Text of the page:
A trial is set over a reporter's lawsuit against a Philadelphia television station after he was fired for using the "n" word.
Tom Burlington, who was a reporter and anchor for local Philadelphia station Fox29, alleged that he was a victim of racial discrimination because, he claims, he was fired for using a word that black employees of the station had also used.
As the Philadelphia Inquirer reports, the incident in question arose during a June 2007 staff meeting at the station, where people were discussing reporter Robin Taylor's piece about a symbolic "burial" of the word by a local NAACP branch:
"The dispute began after Taylor, who is white, used the phrase the "n" word during the 2007 staff meeting. She said participants at the burial had said the full word 'at least a hundred times or more,' according to court records.
'Does this mean we can finally say the word n-?' Burlington asked colleagues, according to depositions.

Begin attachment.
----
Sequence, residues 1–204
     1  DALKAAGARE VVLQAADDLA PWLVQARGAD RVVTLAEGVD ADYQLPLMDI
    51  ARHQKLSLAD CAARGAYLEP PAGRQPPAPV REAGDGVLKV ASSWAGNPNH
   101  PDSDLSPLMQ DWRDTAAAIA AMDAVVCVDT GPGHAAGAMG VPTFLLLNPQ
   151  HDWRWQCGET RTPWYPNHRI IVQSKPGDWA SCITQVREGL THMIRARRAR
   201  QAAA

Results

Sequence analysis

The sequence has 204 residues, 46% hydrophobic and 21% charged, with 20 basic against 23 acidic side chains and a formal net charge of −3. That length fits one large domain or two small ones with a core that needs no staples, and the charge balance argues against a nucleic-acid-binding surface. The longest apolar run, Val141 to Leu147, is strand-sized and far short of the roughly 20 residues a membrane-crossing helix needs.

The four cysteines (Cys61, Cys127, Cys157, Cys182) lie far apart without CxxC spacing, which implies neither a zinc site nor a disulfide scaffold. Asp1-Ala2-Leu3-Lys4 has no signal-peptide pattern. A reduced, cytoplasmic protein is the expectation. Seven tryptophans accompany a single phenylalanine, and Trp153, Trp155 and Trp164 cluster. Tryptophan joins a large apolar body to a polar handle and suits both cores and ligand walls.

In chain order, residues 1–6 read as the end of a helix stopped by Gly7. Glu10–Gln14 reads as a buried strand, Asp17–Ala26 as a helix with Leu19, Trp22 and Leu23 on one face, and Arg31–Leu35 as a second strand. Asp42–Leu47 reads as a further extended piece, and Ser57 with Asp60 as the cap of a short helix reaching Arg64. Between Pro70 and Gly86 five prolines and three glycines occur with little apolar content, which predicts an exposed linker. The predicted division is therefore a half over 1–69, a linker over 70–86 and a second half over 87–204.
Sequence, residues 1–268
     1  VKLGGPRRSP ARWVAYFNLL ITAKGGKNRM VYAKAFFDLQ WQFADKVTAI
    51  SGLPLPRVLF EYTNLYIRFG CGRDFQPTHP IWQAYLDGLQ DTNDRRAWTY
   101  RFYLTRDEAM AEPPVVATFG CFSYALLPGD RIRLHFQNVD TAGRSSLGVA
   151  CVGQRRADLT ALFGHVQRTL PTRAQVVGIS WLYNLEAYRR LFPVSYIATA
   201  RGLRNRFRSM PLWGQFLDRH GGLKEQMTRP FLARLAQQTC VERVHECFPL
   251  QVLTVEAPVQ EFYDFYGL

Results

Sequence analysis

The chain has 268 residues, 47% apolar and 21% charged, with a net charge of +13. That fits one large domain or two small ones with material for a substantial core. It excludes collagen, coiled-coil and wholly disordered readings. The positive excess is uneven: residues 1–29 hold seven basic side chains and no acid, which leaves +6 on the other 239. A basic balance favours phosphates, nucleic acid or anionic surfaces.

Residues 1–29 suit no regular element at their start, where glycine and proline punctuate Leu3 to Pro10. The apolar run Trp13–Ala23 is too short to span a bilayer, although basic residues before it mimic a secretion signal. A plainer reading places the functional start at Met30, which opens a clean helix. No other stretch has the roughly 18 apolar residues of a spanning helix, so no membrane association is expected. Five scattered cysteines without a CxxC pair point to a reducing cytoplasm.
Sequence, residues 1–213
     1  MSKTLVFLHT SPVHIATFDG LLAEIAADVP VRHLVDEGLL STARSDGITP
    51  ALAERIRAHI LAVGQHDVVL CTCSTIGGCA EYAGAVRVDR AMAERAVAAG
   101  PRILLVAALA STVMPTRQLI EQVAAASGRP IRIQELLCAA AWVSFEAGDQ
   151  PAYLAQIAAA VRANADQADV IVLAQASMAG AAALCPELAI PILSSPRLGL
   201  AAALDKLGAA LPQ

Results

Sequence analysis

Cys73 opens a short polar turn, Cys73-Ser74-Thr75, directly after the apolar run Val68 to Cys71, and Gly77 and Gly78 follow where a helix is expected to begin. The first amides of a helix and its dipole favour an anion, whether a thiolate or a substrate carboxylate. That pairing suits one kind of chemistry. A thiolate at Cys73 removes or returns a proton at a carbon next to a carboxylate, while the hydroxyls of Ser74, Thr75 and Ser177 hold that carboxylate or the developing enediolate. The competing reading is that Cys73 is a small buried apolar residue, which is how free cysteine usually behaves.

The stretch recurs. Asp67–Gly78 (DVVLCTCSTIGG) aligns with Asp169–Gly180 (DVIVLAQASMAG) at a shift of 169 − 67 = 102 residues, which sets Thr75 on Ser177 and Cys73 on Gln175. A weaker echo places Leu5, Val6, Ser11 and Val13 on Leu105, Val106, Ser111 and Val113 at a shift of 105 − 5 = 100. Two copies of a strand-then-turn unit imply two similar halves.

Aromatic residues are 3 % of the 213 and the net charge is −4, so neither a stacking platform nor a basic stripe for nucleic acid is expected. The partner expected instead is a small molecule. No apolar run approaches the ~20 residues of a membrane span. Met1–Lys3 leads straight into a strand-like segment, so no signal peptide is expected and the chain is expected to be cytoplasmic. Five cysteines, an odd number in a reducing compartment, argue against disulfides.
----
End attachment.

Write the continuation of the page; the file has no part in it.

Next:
Nicole Wolfe, a producer and one of the three African American employees among the nine people at the meeting, exclaimed: 'I can't believe you just said that!'
Burlington told Taylor that although he did not necessarily expect her to use the word in her story, he thought that doing so gave the story more credence.
Burlington says he used the word only once and approached several attendees after the meeting to explain himself. The Daily News account said he had used the word more than a dozen times."
U.S. District Judge R. Barclay Surrick allowed the suit to go to trial. In a Dec. 23 memo, he said that "there is evidence in this case to suggest that at least two African Americans said the word in the workplace with no consequences." He continued:
"When viewed in its historical context, one can see how people in general, and African Americans in particular, might react differently when a white person uses the word than if an African American uses it. Nevertheless, we are unable to conclude that this is a justifiable reason for permitting the Station to draw race-based distinctions between employees."
But he said it was not clear that Burlington's firing constituted a violation of federal equal opportunity statutes.
The trial is set to begin on Jan. 18. To read the Inquirer's full report on the case, click here.